Sports Commentators don't stop talking when the athletes start performing.

In this video, you'll make the commentator talk while the athlete performs.

First, write the commentary for the first athlete.

Use say blocks.

This example says, "Whoa!

"Reid starts it off with some crazy moves!"

Next, the commentator should start talking at the same time as the athlete does his or her moves.

So add the same event block to make the commentator start talking.

From the Events menu, place a when key press block above the commentator for the first athlete.

In the example, the first athlete starts with the one key, so click the drop down to select the one key or whichever you chose.

Now, the commentator and athlete both do something when the key is pressed.

Press the key.

The commentator talks and the athlete performs at the same time.

Pretty cool.

Do this for each of the other athletes.

Add a new say block to the commentator's script, write the commentary for the athlete, then add the matching event to start the commentary and the performance.

Each time you add new code, test it to make sure it works.

Computer scientists might make mistakes as they create code, so they frequently test small pieces of their code to find mistakes and fix them along the way.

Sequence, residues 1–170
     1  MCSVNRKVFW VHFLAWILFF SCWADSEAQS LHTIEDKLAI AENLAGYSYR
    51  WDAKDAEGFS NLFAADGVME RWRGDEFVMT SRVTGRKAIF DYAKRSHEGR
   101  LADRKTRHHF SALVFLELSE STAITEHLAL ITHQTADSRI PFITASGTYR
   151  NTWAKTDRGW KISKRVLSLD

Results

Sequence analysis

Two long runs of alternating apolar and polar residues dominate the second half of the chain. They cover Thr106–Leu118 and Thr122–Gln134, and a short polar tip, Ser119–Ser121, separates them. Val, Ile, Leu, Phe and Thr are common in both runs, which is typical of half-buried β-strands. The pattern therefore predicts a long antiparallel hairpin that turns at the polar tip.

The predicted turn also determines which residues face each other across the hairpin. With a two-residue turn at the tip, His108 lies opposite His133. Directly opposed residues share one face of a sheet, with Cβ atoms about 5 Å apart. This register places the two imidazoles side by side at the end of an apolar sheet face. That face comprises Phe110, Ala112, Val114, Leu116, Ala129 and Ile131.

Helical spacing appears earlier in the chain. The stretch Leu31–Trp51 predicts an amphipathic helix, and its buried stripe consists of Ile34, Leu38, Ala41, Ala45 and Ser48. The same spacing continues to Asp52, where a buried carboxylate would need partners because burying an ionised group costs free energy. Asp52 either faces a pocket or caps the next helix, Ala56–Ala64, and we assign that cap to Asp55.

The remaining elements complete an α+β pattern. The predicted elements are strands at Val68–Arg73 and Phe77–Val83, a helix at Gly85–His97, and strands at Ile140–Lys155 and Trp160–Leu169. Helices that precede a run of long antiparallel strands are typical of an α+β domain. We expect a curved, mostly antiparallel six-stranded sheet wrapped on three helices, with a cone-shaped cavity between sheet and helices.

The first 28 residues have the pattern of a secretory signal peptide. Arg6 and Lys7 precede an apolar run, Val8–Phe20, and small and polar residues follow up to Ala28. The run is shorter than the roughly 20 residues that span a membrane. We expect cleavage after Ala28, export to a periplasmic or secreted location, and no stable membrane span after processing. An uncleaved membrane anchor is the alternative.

Mistakes are just a way for computer scientists like you to learn.

Finally, go to the project page to get your project ready for the world.

Give the project a creative title, then add instructions so others know how to use your creation.

In the notes and credits, you can thank your teammates or leaders.

Then, to share your project with the Scratch community, click Share.

Here's the game plan: add commentary for each athlete, start the commentary with the same event that makes the athlete perform, then complete and share your project on the project page.

When you are finished with these steps, return to this page and click the Next arrow to learn about the add-ons you can build for your project.


  1. Add commentary for each athlete.
  2. Start the commentary with the same event that makes the athlete perform.